In the present Indian context, Bangalore Film Society wish to start an International Human Rights Traveling film festival from December 7th to 10th or from 9th to the 12th 2016 (depending on the availability of the auditorium) and organise a conference on freedom of speech and the right to dissent. The films selected will address major international human rights concerns such as refugees, lgbt sexuality, boarders, women, socio-political conflict, communal conflicts, child labour/abuse and so on The emphasis on the impact it should create. Once the festival is over these films will be circulated for screenings in educational, media institutions and film societies across India.

‘Chimes of a New Moment: Revisioning Just Communities’
Call for Entries
When old worlds die out on the tongue,
new melodies break forth from the heart;
-Rabindranath Tagore

As a response to an increasingly centralised media controlled by large corporations with their own vested interests that impacted on people’s lives and perception with its ability to distort the facts, alternative media practices began to emerge in India from the mid-seventies. The efforts of independent documentary film makers, media practitioners and film societies ensured that by focussing on deliberately neglected social, cultural and political issues they kept spaces open for creative dissent which is central to the idea and practice of democracy. Through bringing together the international efforts of alternative media, in this instance documentary films/alternative cinema dealing with people’s resistance to oppressive regimes, dehumanising socio-cultural practices and the more positive stories of transformation and change we hope to add to the existing efforts to create a sustainable economic and a pluralistic political vision for a just world order.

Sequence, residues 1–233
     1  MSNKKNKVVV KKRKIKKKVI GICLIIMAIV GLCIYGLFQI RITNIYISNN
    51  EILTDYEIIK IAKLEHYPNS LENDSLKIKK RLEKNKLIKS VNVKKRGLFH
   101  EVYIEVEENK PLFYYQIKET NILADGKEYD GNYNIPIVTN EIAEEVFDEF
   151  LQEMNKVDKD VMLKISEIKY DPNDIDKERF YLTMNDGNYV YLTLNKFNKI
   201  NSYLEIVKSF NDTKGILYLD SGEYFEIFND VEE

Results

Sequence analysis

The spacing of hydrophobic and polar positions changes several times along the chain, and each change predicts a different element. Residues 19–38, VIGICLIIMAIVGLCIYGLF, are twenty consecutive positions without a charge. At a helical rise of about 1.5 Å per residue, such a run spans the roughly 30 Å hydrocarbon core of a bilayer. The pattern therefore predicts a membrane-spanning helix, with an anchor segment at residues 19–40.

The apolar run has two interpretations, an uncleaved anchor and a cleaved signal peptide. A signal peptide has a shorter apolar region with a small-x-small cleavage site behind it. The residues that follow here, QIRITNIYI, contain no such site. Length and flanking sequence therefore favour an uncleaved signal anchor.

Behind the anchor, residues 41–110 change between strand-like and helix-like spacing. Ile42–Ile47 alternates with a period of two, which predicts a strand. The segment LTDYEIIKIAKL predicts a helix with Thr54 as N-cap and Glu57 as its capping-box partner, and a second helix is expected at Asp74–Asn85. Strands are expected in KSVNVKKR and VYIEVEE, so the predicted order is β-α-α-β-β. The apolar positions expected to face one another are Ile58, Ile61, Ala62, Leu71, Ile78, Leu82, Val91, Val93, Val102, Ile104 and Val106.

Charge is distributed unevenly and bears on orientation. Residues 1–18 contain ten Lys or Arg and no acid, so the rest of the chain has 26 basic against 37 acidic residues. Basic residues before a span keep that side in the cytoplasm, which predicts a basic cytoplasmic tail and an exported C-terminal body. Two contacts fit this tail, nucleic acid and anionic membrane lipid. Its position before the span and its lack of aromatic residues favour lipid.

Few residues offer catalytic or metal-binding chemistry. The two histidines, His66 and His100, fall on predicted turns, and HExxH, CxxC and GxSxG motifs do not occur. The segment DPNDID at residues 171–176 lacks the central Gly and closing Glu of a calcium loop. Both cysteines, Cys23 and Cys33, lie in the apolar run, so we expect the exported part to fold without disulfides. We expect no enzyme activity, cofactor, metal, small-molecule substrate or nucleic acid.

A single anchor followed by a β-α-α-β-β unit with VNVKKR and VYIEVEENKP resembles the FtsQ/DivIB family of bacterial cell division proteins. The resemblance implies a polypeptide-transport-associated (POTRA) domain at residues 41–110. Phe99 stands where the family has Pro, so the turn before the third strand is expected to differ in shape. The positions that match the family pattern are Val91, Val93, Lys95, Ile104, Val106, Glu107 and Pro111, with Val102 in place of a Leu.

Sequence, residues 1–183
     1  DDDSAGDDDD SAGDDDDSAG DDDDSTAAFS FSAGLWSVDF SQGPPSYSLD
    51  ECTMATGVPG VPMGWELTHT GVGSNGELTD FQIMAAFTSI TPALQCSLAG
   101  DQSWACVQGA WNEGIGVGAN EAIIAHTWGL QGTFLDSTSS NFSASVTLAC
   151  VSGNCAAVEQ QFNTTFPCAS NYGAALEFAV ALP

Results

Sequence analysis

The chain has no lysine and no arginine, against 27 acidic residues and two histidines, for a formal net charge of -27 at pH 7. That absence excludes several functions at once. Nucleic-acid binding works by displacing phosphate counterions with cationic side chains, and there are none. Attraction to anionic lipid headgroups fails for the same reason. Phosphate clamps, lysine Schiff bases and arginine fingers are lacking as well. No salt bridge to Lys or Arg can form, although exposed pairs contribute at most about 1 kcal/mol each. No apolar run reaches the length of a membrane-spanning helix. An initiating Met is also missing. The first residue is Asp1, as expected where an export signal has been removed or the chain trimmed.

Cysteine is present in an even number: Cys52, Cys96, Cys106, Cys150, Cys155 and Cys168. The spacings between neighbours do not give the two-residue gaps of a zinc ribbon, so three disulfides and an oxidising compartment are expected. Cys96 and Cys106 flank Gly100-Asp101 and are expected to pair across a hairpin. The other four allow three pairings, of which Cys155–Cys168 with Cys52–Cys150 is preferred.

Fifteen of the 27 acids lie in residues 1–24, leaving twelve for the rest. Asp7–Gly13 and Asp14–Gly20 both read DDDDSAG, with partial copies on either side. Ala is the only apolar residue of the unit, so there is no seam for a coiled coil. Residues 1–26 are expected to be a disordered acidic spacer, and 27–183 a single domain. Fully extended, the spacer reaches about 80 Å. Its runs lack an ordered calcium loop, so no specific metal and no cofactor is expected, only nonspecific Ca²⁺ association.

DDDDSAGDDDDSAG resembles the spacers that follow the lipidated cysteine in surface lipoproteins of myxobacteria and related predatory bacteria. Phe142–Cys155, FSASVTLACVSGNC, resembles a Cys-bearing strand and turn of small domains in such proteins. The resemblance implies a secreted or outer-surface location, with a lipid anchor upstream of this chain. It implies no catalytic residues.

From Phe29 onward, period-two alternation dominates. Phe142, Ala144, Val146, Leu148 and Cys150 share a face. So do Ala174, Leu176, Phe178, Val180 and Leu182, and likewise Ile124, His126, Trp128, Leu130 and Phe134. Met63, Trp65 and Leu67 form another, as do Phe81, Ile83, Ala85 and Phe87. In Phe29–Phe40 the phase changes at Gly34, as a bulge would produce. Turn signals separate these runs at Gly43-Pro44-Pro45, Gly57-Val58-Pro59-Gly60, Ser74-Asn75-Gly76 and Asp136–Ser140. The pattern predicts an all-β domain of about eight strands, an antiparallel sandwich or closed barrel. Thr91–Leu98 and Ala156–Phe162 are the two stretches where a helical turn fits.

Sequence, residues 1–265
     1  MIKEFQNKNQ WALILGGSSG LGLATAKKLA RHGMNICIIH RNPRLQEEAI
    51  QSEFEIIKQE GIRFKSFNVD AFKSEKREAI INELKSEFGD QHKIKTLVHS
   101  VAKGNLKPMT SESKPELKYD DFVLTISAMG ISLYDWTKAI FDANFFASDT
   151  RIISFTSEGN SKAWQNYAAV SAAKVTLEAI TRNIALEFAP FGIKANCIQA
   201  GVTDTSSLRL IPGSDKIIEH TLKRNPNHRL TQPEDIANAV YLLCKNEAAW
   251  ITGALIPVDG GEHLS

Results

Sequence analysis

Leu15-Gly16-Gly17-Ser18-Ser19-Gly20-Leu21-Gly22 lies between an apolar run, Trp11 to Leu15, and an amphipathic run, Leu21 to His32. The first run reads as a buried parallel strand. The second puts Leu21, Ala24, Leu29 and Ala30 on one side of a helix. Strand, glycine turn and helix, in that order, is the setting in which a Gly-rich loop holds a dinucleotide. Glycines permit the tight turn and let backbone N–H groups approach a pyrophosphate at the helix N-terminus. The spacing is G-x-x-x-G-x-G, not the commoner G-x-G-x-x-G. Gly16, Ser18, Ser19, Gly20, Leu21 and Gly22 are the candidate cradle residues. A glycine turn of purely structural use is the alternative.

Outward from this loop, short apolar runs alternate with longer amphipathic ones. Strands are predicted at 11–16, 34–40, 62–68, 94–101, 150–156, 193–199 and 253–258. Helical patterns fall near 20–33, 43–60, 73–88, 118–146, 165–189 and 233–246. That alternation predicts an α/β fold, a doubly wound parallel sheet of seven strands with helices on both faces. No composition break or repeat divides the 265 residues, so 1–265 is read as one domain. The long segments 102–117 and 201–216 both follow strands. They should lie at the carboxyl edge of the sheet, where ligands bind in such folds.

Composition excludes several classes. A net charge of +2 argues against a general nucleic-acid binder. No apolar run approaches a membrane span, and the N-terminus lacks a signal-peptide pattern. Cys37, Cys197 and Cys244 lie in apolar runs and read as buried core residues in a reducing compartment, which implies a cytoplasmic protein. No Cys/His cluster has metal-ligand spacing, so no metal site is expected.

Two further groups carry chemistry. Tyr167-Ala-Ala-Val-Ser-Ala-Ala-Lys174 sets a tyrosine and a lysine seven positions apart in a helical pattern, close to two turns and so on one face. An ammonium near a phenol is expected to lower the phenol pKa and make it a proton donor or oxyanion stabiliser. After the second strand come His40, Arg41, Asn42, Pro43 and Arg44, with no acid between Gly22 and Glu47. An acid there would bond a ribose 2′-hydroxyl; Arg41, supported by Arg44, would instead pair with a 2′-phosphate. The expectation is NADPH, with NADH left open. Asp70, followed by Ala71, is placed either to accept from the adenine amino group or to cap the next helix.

In this context, Bangalore Film Society in collaboration with CIEDS collective is initiating a travelling film festival on human rights titled “Chimes of a New Moment - Revisioning Just Communities” which will be showcased in the peripheries of Bangalore viz, Anekal, Kolar and later travel to peripheral cities and towns across Karnataka.
We plan to bring together aesthetically crafted films revolving around the broader issues related to women rights, youth and masculinities, LGBTQ rights, farmers rights, migration, trafficking etc This festival will be organised in collaboration with local educational institutions, media institutes and other local communities.
We invite you to be part of this initiative by contributing short, documentary, animation and feature films on the above mentioned themes.
Selection Process
It is a non competitive film festival aimed to highlight contemporary socio-political and cultural issues to the youth residing in the peripheries of metropolis Bangalore with a view to empower them. Please submit films made in 2017 and 18 and films that will get completed by May 30th 2019. There is no entry fee for films submitted.
All the submitted films will be subject to a selection process by the festival selection committee comprising of eminent professionals including documentary film makers, film critics, social activists, academician’s et al.
It will be a 2 tier Selections:

1. Pre-selection- the films will be shortlisted broadly based on the theme of rights and entitlements
2. Final Selection- selecting the best films in terms of form and content
Applicant must pay for the shipment of films or appropriate internet transfers to Bangalore Film Society.
Entries to the Film Festival must include:
1.Two DVDs of the film with English subtitles, if sent by courier
2. A signed copy of the entry form (can be sent via email)
3.Three high-resolution stills of the film (can be sent via email)
4.A high-resolution passport size photograph of the director (can be sent via email)
5. Promotional materials: synopsis of the film, brief CV of the filmmaker, awards won, festival attended etc,

All the submitted films will become part of Bangalore Film Society archive and will be made available for non-commercial screening purposes on a written authorization by the producer/director of the film. Please send your authorization letter for the above purpose along with the film.
Last date for submissions: July 30, 2019
Georgekutty A.L
Bangalore Film Society,
No.33/1-9, IVth Cross, Thyagaraju Layout,
Jaibharath Nagar, M.S. Nagar P.O
Bangalore 560 033.